“These thefts and disclosures are intended to interfere with the U.S. election process,” the Office of Director of National Intelligence and the Department of Homeland Security said in a joint statement on Friday. “We believe, based on the scope and sensitivity of these efforts, that only Russia’s senior-most officials could have authorized these activities.”
Russian government hackers penetrated the computer network of the Democratic National Committee and gained access to the entire database of opposition research on GOP presidential candidate Donald Trump, according to committee officials and security experts who responded to the breach.
The intruders so thoroughly compromised the DNC’s system that they also were able to read all email and chat traffic, said DNC officials, and the security experts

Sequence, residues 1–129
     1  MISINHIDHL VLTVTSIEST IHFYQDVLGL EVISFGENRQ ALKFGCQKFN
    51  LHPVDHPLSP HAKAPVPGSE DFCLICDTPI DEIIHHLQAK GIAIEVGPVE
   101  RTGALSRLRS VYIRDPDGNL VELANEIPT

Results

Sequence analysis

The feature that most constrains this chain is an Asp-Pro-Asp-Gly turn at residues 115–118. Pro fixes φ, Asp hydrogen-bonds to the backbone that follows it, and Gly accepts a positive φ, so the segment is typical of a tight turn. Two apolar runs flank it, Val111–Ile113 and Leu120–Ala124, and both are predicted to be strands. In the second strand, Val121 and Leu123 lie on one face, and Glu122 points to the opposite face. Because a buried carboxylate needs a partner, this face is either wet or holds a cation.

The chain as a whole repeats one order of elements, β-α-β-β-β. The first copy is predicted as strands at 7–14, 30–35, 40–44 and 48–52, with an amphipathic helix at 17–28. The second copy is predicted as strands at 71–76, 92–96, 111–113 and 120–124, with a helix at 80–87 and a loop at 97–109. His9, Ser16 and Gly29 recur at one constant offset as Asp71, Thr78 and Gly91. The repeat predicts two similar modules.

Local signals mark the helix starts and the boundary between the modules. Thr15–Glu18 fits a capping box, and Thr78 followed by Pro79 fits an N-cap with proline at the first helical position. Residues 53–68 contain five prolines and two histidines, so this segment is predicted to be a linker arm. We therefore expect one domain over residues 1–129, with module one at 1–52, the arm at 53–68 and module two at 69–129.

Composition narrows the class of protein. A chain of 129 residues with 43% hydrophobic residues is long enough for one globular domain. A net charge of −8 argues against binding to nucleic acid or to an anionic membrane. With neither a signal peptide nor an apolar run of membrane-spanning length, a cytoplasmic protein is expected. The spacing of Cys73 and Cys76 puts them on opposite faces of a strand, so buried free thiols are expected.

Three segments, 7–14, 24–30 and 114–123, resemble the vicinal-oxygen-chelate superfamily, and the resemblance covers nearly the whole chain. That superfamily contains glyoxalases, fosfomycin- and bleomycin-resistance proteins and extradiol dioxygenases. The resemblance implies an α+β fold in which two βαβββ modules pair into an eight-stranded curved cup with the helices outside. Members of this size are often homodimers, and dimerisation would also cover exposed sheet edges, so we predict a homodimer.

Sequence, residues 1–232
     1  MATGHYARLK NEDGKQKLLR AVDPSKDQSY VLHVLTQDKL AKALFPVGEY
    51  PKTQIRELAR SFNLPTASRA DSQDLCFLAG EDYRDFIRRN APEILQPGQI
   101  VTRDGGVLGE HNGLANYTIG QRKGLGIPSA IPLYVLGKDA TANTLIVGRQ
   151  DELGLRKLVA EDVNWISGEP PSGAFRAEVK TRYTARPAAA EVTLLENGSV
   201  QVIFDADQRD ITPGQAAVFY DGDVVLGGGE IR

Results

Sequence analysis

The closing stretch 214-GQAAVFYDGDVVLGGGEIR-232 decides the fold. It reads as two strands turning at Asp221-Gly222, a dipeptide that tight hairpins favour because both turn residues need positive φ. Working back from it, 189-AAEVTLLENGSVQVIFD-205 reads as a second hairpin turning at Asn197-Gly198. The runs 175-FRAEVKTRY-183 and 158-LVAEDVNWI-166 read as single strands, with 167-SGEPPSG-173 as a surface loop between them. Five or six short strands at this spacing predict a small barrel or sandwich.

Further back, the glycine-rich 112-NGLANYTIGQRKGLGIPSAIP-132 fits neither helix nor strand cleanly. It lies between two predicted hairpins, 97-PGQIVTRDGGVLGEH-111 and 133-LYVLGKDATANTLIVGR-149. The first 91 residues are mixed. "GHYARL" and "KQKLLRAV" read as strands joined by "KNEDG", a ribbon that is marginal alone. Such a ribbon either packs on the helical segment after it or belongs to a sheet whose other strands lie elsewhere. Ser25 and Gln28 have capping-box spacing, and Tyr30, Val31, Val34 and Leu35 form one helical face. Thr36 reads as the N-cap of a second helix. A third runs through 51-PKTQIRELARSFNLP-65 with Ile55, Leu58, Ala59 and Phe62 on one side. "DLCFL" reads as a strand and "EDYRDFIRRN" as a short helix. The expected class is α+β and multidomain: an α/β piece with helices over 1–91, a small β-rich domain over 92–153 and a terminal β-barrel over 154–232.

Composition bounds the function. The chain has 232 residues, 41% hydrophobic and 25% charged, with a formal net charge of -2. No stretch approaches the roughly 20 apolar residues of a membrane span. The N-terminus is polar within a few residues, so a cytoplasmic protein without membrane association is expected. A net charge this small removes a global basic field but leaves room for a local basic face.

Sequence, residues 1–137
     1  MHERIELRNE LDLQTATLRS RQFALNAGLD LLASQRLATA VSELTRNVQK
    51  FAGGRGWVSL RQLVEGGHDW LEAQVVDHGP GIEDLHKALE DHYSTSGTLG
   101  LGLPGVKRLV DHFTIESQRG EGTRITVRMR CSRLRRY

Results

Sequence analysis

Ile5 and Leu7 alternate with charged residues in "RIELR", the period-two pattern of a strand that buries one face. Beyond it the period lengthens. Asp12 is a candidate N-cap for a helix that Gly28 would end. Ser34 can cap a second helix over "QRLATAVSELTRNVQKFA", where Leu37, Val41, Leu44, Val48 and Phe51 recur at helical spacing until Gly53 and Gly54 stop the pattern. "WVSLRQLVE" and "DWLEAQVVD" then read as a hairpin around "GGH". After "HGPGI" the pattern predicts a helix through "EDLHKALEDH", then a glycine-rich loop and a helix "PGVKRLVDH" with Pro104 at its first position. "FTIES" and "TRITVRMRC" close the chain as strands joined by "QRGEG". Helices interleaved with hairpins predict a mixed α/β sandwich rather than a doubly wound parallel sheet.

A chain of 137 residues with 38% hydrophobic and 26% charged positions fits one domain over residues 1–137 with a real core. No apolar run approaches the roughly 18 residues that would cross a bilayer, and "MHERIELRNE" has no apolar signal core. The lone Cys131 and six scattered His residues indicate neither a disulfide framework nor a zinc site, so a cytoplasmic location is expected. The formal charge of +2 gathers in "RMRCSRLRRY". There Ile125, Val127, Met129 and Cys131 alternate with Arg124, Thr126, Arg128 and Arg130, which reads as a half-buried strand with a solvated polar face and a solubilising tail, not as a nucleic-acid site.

Fact: Trump’s first act as President is the unleashing of Vladimir Putin
Putin “called to offer his congratulations on winning a historic election,” according to a Trump statement. The two leaders discussed issues including shared threats, strategic economic issues, and the historical US-Russia relationship.
The two men also spoke about working to normalize relations between the two countries and emphasized the importance of creating a foundation of bilateral ties through trade, the Kremlin said.
They also discussed the need for “joint efforts in the fight against common enemy No. 1” — international terrorism and extremism.